Caring for Your Cat During Cold Season
Do cats get colds? Just like us humans, yes they do! Cats have an immune system, meaning they are prone to illnesses. So, what should you do when your cat sniffles, is sneezing or has a runny nose? Let’s delve in a little deeper to determine how to treat your cat’s illness and get them back on their feet as quickly as possible.
Do cats get colds?
As highlighted above, yes your cat can get a cold. The symptoms oftentimes are similar to those we suffer from, as humans, when we’re sick. As a cat owner, you need to understand the proper protocol for caring for your cat. Some things to remember include
- Cats aren’t humans meaning they can’t take the medication we do
- es differently to the manner we treat our colds
- Resting is a great way to help your cat get over a cold quickly
These are just a few of the basics/starting points to cat care when you’re furry loved one isn’t feeling their best.
Why is my cat sneezing?
The most common answer to this question is that your cat might be suffering from an upper respiratory tract infection, which is usually because of viral infection (i.e., the common cold). Just like humans, these viruses can be spread if you have more than one cat in the household. Therefore, if one of your cats is suffering from a cold, quarantine them from the other cats at home to prevent more than one illness at the same time.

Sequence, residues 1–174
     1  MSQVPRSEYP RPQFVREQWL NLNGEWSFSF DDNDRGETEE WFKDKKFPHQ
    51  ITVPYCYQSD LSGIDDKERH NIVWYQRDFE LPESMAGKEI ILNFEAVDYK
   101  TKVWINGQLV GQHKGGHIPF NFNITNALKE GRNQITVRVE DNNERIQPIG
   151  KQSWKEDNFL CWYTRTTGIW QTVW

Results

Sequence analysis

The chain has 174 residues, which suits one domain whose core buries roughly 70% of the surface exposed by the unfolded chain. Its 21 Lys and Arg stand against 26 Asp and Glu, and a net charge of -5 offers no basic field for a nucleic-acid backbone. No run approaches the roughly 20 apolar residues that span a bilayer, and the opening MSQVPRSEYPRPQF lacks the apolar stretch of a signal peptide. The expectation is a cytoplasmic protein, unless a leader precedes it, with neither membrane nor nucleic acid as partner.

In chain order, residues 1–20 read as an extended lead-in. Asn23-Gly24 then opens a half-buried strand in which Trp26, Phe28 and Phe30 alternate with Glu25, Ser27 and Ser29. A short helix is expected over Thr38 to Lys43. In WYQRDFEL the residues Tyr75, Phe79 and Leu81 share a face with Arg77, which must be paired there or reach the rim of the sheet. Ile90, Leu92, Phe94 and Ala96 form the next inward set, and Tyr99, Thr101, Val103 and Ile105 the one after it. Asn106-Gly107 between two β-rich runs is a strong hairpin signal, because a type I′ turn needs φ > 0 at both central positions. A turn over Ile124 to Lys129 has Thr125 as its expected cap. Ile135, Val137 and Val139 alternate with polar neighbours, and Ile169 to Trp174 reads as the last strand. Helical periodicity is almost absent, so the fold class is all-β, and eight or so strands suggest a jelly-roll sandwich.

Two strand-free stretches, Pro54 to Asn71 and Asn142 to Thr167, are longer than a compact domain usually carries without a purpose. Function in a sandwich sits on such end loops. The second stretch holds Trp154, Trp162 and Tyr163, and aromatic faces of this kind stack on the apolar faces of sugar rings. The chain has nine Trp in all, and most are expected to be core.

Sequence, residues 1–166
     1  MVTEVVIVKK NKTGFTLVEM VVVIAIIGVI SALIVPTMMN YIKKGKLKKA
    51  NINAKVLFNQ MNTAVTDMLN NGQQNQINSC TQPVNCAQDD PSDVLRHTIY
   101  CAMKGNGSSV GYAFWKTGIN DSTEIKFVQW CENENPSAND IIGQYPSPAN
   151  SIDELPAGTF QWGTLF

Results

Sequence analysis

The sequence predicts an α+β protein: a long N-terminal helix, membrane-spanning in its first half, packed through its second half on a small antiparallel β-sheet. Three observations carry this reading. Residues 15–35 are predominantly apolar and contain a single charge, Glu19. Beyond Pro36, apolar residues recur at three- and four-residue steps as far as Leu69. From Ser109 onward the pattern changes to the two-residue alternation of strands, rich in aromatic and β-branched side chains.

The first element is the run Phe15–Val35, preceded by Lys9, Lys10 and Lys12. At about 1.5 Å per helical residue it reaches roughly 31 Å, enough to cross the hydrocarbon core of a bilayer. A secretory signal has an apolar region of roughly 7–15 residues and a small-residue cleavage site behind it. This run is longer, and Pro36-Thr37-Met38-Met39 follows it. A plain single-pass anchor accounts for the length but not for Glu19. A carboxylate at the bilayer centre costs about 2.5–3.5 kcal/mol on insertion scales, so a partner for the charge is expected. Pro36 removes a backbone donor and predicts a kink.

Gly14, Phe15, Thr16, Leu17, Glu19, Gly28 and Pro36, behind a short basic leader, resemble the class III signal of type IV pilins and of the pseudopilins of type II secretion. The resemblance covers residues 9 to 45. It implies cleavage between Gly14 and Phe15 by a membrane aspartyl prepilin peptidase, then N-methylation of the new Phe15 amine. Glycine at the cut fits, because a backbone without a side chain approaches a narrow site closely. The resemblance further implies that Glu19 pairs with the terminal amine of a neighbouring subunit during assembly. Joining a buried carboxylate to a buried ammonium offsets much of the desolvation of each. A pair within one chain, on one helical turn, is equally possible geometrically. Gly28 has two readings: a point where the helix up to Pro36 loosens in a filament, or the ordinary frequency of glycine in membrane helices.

There are a few other reasons your cat might be sneezing including
- Tooth infection
- Drainage into your cat’s sinuses
- Inhaled foreign bodies (blades of grass or other items)
- Tumors in the nasal passage
Cats, unlike humans, typically won’t sneeze because of allergies. And, these additional conditions are rare, so it’s more likely than not a cat illness stemming from a cold as opposed to the later.
Cat cold symptoms
If you think your cat has a cold, there are a few common symptoms you’ll want to look for as an owner including
- Runny nose and coughing
- Discharge from the nose or eyes
- Painful ulcers
- Loss of appetite and dehydration
- Fevers, congestion, and open mouth breathing
A cat cold is probably what your cat is suffering from if they are experiencing these symptoms, and if they are persistent, you’ll want to take your cat into the vet as soon as possible to determine the best course of treatment.
What medicines will I use to treat a cat cold?
If your cat is suffering from a cold, remember, the last thing you want to do is give them Tylenol or other medications we take when we’re ill. Cat’s immune systems are different than ours, therefore, they require a different course of treatment. If your cat is congested, consider having a vaporizer set up in the room. Make sure you have plenty of water and food set up around the home. Even though they’re not hungry, they’ll have to eat, so make sure they can easily reach their food bowls.
Your vet might also prescribe
- Nasal decongestants
- Anti-bacterial medication to prevent complications
- Oral medications or eye ointments (prescribed by your vet)